One day, I will all arrive at the exact right time and deliver the exact right dose of all the ingredients needed to grow monster sunflowers. But first, let’s have some rain, dammit!

Thursday, December 03, 2009

Xmas Shopping

“He realized now that to be afraid of this death he was staring at with animal terror meant to be afraid of life. Fear of dying justified a limitless attachment to what is alive in man. And all those who had not made the gestures necessary to live their lives, all those who feared and exalted impotence – they were afraid of death because of the sanction it gave to a life in which they had not been involved. They had not lived enough, never having lived at all. And death was a kind of gesture, forever withholding water from the traveler vainly seeking to slake his thirst. But for others, it was the fatal and tender gesture that erases and denies, smiling at gratitude as at rebellion.”
- Albert Camus. A Happy Death

Did some xmas cybershopping till I didn’t exactly drop, since I shop sitting down. Boy my butt is tired. And I’m a super cypershopper. I like, made a macro of my Visa card number. I use a Visa because when you select the type of credit card to use, Visa is usually listed at the top of the drop-down list. I’m listening to Hey Sinner Man, by the Long Beach Children’s Choir. Pretty xmasy, eh?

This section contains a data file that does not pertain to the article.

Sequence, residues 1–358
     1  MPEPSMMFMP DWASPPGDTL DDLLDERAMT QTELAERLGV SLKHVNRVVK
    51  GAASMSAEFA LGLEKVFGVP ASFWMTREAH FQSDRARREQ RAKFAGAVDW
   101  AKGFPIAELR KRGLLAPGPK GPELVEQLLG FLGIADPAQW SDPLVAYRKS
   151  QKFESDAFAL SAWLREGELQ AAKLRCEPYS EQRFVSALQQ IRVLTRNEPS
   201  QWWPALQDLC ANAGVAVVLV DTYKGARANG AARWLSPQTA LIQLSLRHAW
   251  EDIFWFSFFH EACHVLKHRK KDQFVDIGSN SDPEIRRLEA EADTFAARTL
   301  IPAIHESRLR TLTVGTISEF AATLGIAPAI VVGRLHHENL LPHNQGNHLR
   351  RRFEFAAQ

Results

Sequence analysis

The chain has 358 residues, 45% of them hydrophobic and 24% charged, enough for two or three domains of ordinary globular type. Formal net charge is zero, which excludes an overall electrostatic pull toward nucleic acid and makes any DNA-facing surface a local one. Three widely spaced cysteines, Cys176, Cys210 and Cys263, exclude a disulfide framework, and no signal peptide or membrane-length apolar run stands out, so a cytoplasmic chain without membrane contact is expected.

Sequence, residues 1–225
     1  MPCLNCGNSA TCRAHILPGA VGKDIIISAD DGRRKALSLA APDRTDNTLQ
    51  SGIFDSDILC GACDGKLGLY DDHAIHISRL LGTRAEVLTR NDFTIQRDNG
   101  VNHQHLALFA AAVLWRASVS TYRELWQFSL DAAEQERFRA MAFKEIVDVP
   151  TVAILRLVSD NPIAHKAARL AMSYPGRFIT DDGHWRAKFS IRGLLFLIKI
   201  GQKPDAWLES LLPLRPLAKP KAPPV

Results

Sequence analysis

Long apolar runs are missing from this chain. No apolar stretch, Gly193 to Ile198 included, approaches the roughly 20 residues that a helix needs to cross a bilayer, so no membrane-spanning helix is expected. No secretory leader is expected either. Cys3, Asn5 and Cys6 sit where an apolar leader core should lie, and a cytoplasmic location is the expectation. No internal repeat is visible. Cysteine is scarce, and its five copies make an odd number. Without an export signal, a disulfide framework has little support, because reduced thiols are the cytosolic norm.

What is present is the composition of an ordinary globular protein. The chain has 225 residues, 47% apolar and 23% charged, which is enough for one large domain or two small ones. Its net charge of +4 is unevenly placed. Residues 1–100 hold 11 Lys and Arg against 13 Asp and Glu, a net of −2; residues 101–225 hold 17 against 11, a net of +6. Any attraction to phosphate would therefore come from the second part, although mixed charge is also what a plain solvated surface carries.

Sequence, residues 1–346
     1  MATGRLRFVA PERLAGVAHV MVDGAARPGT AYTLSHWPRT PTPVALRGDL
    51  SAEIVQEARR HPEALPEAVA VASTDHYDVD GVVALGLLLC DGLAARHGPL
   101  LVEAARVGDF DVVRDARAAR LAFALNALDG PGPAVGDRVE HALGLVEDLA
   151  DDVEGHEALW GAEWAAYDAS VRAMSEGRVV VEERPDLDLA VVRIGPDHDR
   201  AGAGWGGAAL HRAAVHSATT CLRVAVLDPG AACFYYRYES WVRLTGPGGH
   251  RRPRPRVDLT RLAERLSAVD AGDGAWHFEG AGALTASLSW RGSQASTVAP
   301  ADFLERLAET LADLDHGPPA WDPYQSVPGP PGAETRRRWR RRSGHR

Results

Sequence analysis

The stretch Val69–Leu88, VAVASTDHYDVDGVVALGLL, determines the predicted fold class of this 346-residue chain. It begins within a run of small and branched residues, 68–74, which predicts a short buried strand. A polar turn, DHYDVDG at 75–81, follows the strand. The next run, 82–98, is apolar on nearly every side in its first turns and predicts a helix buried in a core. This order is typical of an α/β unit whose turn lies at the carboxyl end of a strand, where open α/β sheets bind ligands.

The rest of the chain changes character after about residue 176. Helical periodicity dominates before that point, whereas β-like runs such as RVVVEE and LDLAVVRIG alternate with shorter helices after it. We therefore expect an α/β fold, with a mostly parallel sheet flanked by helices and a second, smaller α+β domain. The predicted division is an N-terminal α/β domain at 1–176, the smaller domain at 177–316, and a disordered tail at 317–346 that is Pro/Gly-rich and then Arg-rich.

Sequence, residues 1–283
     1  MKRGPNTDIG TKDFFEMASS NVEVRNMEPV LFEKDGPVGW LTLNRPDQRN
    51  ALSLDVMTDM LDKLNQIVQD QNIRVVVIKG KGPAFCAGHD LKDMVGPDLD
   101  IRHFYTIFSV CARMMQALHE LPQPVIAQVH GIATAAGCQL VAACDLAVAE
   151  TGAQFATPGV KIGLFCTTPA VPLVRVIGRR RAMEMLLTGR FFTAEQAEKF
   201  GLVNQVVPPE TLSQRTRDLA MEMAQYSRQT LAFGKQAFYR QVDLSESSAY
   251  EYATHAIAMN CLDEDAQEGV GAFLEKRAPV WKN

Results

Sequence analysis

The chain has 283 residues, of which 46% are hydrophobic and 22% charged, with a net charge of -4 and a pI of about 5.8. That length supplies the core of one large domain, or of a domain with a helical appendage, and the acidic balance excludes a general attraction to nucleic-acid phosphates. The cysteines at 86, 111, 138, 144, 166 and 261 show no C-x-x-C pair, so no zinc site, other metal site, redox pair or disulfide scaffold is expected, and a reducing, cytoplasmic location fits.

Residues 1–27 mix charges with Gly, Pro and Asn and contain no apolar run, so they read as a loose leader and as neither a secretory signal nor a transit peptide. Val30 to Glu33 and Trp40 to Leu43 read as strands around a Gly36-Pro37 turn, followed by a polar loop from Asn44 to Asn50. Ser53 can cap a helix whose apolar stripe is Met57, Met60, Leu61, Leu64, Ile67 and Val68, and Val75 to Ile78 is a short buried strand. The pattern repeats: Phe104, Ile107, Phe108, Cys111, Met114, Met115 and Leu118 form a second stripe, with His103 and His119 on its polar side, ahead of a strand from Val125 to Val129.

I did go outside briefly to loosen up my wrists and avoid fatigue. I was confronted by the glittering eyes of the tiny stone frog at the right of the mushroom. The yard is in it’s neglected minimalist pallet that would be conjured by Basho – stark monochrome of bright light against dark shadow.

There is nothing more likely to cause cognitive dissonance than my afternoon shopping on line, followed by than a walk in the dry warm air as it moseys around and then settles silently on the yard like a cat who circles around in your lap before finding the perfect configuration for sleeping.

Ahhhh, another day in the life of a non-working retiree with good health insurance.

All it would take to make my life perfect would be a snow-ball martini with some actual coconut on the rim. Godiva white chocolate liquor? Check. Coconut vodka? Check? Kalua? Check. In lieu of caramel sauce, I used a splash of butterscotch liquor the other night and it worked.

Like I see in the mirror on the mornings I’ve slept in my cat t-shirt: efil si doog.

Tuesday, December 01, 2009

Where Credit is Due